Nail Holes

Been way too long since I’ve made the time to publish to the blog. The sad sack part of it is that I actually have drafts that basically just need the button pushed! Sheez…! So as a birthday present along with the excitement of releasing Enchiridion Texanæ for free! in celebration of the Year of Faith, I pulled this story out of the notes file to share with my tweople and other readers. It’s titled simply “Nail Holes” and probably has circulated many times before you read it here. Enjoy!

Nail Holes

A wise old carpenter was teaching a brash young boy some of the finer points of joinery. The sage asked the boy to pound a bunch of nails into a block of wood, which the young buck did with great gusto.

“Now take them out” said the sage. After having done so, the young boy asked, “What now?”

“What do you see?” asked the sage.

“A block of wood with nail holes in it” came the reply.

“Now remove the holes” instructed the sage.

“That’s impossible!” snorted the younger one.

“Indeed it ’tis,” said the sage, “and just as impossible to take back the things we do and the words we say.”

The Cure d’Ars has a similar story about giving the town gossip the penance of taking a feather pillow to the top of a belltower and scattering the feathers to the winds. (You see the train coming?).

Just as with the nail holes and the feathers scattered to the four winds, public facing emails once exposed, (cc:, originally carbon copy, literally meaning sheets of carbon paper between the sheets of stationary in the manual typewriter, rather than bcc: or blind carbon copy, not visible for the “to” recipients), cannot be “reclaimed” from the lists of emails “harvested” which spammers sell.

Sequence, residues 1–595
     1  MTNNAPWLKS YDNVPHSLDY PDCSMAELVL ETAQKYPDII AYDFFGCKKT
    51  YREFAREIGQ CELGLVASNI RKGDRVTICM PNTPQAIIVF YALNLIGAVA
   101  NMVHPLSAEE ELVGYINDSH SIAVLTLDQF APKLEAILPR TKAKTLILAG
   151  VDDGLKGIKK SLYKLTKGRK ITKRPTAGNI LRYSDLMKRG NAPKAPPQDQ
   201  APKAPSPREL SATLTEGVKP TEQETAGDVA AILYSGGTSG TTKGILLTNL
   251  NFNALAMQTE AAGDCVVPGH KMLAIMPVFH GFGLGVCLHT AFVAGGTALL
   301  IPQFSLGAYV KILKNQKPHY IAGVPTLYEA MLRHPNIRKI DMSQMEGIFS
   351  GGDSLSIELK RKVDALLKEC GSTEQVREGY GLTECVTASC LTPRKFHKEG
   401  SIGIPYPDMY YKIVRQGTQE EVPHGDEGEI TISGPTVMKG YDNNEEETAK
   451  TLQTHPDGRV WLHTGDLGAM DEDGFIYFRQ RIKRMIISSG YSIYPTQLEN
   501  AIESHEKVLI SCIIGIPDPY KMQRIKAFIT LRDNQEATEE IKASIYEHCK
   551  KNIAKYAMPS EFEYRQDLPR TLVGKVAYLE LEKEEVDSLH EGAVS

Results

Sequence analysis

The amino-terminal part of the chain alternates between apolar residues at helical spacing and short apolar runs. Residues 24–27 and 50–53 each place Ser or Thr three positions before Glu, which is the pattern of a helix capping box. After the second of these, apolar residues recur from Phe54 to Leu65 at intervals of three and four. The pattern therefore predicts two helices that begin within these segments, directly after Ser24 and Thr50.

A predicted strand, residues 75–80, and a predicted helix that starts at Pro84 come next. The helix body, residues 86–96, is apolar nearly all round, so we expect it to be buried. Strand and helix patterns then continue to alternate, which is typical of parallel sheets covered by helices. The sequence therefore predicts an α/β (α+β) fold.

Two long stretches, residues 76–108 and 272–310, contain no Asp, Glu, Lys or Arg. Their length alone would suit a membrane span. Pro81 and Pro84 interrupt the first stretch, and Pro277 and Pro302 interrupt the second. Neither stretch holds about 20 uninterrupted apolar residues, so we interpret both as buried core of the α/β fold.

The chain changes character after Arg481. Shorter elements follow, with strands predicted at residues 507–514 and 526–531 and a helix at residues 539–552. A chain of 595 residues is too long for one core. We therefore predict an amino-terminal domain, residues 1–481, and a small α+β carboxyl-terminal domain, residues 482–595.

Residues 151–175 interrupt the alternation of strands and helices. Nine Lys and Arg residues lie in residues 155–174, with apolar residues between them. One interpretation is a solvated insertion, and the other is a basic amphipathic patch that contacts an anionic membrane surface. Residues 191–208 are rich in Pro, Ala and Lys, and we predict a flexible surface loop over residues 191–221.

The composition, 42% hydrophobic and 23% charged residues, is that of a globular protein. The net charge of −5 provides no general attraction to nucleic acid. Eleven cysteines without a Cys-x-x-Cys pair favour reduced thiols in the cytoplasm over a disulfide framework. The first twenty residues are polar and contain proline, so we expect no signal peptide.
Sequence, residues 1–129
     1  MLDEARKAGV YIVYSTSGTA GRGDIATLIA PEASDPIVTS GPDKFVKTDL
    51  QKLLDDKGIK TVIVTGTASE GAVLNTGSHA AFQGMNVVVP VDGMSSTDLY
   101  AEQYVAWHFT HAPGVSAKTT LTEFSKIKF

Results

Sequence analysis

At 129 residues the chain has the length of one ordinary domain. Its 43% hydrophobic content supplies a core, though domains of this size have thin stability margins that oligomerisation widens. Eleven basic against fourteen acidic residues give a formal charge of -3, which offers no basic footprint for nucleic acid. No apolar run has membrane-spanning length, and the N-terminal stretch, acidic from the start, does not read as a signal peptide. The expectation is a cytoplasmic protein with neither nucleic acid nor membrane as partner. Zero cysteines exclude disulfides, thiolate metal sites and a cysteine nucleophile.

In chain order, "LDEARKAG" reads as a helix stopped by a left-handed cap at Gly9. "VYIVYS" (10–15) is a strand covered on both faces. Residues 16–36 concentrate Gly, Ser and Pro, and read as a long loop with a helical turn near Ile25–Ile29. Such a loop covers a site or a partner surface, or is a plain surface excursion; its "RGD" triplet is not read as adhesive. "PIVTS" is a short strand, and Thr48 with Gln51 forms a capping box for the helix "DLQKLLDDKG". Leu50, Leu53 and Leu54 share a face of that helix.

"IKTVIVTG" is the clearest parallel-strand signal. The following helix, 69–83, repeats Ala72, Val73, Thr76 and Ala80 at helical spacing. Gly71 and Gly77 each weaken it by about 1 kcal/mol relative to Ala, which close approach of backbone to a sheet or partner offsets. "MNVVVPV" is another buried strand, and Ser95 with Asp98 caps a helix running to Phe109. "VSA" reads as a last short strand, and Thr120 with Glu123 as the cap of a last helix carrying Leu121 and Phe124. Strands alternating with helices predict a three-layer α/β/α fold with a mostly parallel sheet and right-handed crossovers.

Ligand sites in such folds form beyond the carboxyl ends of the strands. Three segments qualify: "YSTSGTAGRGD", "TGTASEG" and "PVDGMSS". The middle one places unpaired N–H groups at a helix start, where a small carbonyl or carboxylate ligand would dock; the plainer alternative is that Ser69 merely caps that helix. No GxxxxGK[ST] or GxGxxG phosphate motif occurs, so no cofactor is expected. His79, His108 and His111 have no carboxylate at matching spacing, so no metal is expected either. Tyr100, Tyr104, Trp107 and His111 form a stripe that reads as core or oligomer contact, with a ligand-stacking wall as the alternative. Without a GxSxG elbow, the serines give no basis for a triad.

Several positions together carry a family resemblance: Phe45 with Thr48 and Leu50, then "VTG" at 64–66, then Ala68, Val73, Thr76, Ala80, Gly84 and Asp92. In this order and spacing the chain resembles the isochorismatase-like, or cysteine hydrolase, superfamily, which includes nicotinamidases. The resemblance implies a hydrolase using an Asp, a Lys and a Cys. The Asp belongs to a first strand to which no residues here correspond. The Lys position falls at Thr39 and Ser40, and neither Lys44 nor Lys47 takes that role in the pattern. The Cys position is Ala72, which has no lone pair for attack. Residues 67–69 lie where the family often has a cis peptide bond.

I so often forget that one of the most common “vehicles” we all drive today doesn’t require an “internet drivers license” similar to a motor vehicle license states require before being allowed to operate a multi-ton moving block of metal.

A dear sister-in-faith rightly pointed out, that a couple of months back, when I lashed out at the naïvité of a person who sent out a mass mailing with a public-facing list of several dozen people, me included; my tone made me guilty of lacking the Christ-like servant leadership I asked of others. Point, set, match Elissa.

She was entirely right about my tone and I apologized and shared the nail holes story. I’ve learned as much as anyone from her willingness to hold the mirror up to me. Fr. James Misko who sings w/the Compline Gregorian Chant Choir on Sundays, taught a fascinating phrase at the recent CTFCatholicmen.org Men’s fall kickoff: Capax Dei = capacity for God. Certainly Elissa & I learned more about that in our conversation.

Michael Hyatt outlines points from John Maxwell’s new book, 15 Invaluable Laws of Growth (not affiliate link), with #14 directly relevant to the Capax Dei idea above:

Growth Always Increases Your Capacity

Similar to what S.I. Hiakowa said in his classic Language in Thought and Action, the discipline of learning to communicate well is its own reward.

Just some quick thoughts to round out my birthday celebration!

Until next time,

Carpe Diem!

Matt

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